White House Middle East emissaries Dennis Ross and David Hale met Wednesday with Palestinian Authority President Mahmoud Abbas and made it clear to him that a request to the United Nations for recognition in about two weeks of an independent Palestinian state could have serious implications. For his part, Abbas said the Palestinian request for recognition of statehood within the 1967 borders had reached a point of no return and he could not retract it.
Ross and Hale also met with Prime Minister Benjamin Netanyahu and Defense Minister Ehud Barak in the course of their visit to the region, but the trip was aimed at applying last-minute pressure on the Palestinian president. An Israeli source with knowledge of the details of the meeting between the visiting Americans and Abbas noted that this was the first time the Americans had spelled out the full negative implications of the Palestinian request to the UN.
It was a break with past procedure that saw Hale joined at the Ramallah meeting with the Palestinian president by Ross, who is a senior adviser to U.S. President Barack Obama, and by the deputy legal adviser at the State Department, Jonathan Schwartz. "The Americans told Abu Mazen [Abbas] the whole truth to his face in a rather harsh way," an Israeli source said.
Another Israeli official noted that the American emissaries spelled out the damage, item by item, that pursuing UN recognition could cause the Palestinian Authority, painted the bleakest of scenarios and at times even exaggerated the gravity of the situation.
At a hearing before the U.S. Congress, the undersecretary for political affairs at the State Department, Wendy Sherman, said that if the Palestinian statehood proposal was brought before the UN Security Council, the United States would exercise its veto power to block it. At their meeting with Abbas, Ross and Hale stressed that in addition to invoking the veto on any request to the Security Council, even a request for statehood recognition by the UN General Assembly would result in a reduction of American aid to the Palestinian Authority, which currently stands at about $450 million a year.
Congress would be expected to cut it and in such an eventuality only a special presidential order could free up the funding.
Abbas told his American guests that the Palestinian request to the UN was not a substitute for negotiations with Israel, and he is ready to resume negotiations after the UN vote. The U.S. diplomats told the PA leader that recognition of a Palestinian state in the 1967 borders would totally change the legal basis of relations between the PA and Israel, and would undermine some of the foundations on which the peace process has been based.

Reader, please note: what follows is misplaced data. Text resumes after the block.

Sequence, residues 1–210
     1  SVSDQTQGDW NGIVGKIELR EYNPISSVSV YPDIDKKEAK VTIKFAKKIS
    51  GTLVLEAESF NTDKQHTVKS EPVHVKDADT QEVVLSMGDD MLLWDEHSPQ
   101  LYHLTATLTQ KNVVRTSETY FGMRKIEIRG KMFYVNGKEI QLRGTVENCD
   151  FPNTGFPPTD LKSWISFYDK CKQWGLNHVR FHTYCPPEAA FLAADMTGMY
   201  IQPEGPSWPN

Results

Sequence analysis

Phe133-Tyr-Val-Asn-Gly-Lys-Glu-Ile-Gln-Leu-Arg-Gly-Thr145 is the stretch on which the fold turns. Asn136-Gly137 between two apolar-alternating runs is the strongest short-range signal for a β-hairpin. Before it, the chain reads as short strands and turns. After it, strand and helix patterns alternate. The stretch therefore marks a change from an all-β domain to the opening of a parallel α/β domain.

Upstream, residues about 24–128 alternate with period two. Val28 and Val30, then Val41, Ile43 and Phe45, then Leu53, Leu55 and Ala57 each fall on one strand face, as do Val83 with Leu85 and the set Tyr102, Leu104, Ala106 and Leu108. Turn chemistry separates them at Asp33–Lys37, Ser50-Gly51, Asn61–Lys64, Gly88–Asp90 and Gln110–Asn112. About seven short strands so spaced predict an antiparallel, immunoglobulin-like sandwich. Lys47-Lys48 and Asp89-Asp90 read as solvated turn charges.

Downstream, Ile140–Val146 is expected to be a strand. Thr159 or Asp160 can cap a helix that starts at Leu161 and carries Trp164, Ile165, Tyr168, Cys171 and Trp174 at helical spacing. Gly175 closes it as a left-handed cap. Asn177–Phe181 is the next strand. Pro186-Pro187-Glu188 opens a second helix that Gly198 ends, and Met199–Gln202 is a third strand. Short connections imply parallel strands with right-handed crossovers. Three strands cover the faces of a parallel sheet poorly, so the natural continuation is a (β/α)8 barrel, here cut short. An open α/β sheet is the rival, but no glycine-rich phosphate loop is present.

According to the Israeli source, the American emissaries had the impression that Abbas does not sufficiently understand the significance of the UN request and its implications. "Abu Mazen [Abbas] conveyed great distress in his meeting with Ross and Hale," the source said, adding that he understood that he had painted himself into a corner but cannot extricate himself.
Despite the warnings conveyed by the visiting Obama administration officials, the meeting ended in failure, with Abbas saying that although he was not interested in a confrontation with Israel or a quarrel with the United States, at the current stage he could not forgo the request to the UN. He had no other option, the PA leader said.
On Thursday, George Mitchell, who resigned as U.S. Middle East peace emissary several months ago, told a Georgetown University audience in Washington that the chances of the Obama administration managing to get Abbas to change course are extremely small. It is difficult to be optimistic about development over the coming months, Mitchell said.
On Thursday, the executive council of the Palestinian Liberation Organization convened in Ramallah and reaffirmed its determination to pursue statehood recognition at the UN. Also on Thursday, the Palestinians launched a campaign to rally support for U.N. recognition, planning demonstrations in the Palestinian territories and worldwide before asking the world body to accept them as a full member state later this month.
AP contributed to this report .
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